Considering the talent of its stars, it's amazing that I Will, I Will. . .For Now is as deadly as it is. The problem, as is so often the case, is the screenplay. Specifically, the problem is that I Will is the spirit of a 1950's sex comedy trapped in the would-be hip body of a 1970's comedy. Not that this is the only problem with the script; it also has some of the flattest dialogue one can imagine. There's nothing that comes close to sparkling, nothing that even begins to know what a quip is. It doesn't help either that the plot is labored and nonsensical, either. But it's that "time warp" aspect that really ends up sinking the affair. It's totally dishonest, and it makes the entire affair plastic and unrealistic. A really first rate director might have been able to salvage I Will -- not save it, but salvage it. But Norman Panama's direction is almost as leaden as his writing. As a result, Diane Keaton is given no chance to exercise her unique comic personality or delicate charm, and Elliott Gould's worst qualities keep coming to the fore. Add in the fact that the stars have zero chemistry in this flick, and the result is a total waste of everyone's time.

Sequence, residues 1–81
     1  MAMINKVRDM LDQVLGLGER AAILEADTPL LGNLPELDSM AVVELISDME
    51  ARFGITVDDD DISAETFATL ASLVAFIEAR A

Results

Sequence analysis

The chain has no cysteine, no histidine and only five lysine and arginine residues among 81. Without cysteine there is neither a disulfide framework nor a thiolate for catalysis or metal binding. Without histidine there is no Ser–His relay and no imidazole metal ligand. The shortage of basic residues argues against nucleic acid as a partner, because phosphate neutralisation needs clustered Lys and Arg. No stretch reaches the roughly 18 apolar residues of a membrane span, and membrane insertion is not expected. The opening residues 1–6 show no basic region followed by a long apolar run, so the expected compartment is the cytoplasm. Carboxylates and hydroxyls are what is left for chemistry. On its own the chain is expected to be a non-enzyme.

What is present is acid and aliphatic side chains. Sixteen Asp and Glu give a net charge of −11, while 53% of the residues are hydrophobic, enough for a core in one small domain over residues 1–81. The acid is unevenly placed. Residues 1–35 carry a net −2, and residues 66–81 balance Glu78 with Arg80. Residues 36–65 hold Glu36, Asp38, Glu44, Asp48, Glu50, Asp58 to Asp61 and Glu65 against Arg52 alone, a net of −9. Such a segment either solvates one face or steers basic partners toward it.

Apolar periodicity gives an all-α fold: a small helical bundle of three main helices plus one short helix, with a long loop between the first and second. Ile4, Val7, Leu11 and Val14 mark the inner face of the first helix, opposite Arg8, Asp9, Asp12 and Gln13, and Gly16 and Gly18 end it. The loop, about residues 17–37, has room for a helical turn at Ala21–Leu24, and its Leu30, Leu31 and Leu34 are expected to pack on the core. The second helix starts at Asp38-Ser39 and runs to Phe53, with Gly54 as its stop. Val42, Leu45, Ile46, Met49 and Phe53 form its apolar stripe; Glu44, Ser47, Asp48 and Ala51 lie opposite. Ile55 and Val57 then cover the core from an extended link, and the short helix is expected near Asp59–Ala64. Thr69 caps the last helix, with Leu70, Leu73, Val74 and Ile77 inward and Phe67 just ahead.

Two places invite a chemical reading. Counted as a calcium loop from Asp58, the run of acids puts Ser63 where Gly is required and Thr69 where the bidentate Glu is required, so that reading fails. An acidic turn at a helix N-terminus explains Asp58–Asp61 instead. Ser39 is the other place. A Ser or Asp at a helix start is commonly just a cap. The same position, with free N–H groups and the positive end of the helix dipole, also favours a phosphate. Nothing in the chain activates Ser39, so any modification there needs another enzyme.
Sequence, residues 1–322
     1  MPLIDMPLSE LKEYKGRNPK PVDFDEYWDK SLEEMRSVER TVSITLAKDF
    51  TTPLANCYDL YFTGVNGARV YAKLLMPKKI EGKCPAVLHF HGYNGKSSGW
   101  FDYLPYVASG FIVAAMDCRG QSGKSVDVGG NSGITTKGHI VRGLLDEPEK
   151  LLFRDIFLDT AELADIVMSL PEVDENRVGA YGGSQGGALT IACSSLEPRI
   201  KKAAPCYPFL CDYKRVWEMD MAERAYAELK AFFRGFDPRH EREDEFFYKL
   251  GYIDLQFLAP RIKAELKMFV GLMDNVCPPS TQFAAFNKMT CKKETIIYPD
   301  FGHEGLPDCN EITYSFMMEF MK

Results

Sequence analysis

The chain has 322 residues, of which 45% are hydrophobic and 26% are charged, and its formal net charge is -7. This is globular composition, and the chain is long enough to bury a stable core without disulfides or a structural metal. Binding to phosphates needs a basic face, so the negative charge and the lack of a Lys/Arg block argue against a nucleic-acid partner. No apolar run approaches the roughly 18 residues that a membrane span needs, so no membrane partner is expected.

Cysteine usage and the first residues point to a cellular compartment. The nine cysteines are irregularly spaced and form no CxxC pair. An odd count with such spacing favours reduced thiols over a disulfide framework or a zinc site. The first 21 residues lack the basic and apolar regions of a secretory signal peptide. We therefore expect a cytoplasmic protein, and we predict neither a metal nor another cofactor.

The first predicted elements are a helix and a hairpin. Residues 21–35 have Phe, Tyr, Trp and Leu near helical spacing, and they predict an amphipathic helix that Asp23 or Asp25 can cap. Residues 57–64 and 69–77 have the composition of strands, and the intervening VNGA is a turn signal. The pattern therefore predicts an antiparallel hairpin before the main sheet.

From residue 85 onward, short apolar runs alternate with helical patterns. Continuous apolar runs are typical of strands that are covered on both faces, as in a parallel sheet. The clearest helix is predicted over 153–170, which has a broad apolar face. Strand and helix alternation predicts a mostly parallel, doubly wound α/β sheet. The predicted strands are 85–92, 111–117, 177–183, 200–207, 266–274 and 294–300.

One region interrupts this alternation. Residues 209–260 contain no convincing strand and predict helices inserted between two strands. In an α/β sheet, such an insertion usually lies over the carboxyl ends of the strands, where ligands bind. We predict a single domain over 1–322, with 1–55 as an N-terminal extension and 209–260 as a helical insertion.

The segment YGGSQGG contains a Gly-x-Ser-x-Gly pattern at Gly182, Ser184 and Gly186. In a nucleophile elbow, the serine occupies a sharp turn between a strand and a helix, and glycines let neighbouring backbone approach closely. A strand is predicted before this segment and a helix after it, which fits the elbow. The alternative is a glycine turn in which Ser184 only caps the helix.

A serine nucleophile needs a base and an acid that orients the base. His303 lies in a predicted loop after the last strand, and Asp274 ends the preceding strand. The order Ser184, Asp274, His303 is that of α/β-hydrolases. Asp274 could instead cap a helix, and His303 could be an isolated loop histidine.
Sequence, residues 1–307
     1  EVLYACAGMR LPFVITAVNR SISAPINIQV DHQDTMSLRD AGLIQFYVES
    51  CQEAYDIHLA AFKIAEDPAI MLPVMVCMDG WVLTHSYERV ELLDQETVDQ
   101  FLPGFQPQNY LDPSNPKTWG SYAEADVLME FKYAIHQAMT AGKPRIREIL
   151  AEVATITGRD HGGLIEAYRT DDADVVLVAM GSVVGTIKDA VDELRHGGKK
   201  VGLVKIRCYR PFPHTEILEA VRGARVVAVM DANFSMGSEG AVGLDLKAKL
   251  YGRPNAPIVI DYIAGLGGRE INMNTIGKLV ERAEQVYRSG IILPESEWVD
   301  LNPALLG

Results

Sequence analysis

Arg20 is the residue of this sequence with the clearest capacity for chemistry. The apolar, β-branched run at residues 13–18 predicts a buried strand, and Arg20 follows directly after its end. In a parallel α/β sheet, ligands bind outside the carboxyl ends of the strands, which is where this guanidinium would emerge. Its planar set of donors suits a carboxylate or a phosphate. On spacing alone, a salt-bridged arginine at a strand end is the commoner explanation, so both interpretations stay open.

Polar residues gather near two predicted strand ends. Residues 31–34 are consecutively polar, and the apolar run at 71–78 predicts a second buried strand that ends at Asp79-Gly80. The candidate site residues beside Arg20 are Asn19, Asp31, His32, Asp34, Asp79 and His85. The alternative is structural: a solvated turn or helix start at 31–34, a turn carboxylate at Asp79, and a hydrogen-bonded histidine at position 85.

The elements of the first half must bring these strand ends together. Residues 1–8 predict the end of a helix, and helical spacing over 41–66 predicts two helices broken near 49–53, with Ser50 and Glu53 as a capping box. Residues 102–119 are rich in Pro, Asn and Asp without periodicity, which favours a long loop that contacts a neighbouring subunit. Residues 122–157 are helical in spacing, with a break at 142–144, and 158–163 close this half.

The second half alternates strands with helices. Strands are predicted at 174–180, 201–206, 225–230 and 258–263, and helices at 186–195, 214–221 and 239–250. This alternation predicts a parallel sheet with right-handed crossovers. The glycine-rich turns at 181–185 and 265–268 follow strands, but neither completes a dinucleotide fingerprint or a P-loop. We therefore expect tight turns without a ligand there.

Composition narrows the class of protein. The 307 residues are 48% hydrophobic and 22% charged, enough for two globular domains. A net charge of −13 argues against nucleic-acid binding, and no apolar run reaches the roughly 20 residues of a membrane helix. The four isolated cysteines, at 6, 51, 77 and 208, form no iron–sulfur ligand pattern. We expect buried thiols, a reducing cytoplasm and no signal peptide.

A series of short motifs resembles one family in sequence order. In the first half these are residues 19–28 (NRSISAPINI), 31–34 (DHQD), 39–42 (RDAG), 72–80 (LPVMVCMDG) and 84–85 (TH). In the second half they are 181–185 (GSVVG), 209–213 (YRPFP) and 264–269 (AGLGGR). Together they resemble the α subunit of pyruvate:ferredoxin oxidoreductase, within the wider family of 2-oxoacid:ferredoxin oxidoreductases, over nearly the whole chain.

Norman Panama directed and wrote (along with Albert E. Lewin) this mediocre piece of fluff about unhappily divorced marriage partners. Elliot Gould stars as Les Bingham, who takes umbrage that his ex-wife Katie (Diane Keaton) has a new love in life. What Les doesn't realize is that her new paramour is lawyer Lou Springer (Paul Sorvino). When Katie's sister Sally (Candy Clark) arrives and tells the two about her new, hip '70s marriage contract, Les and Katie decide to try to get together again under a more liberal marriage contract, like Katie's sister. But, unfortunately for the couple, the contract is planted with the seeds of self-destruction, having been drafted by Lou.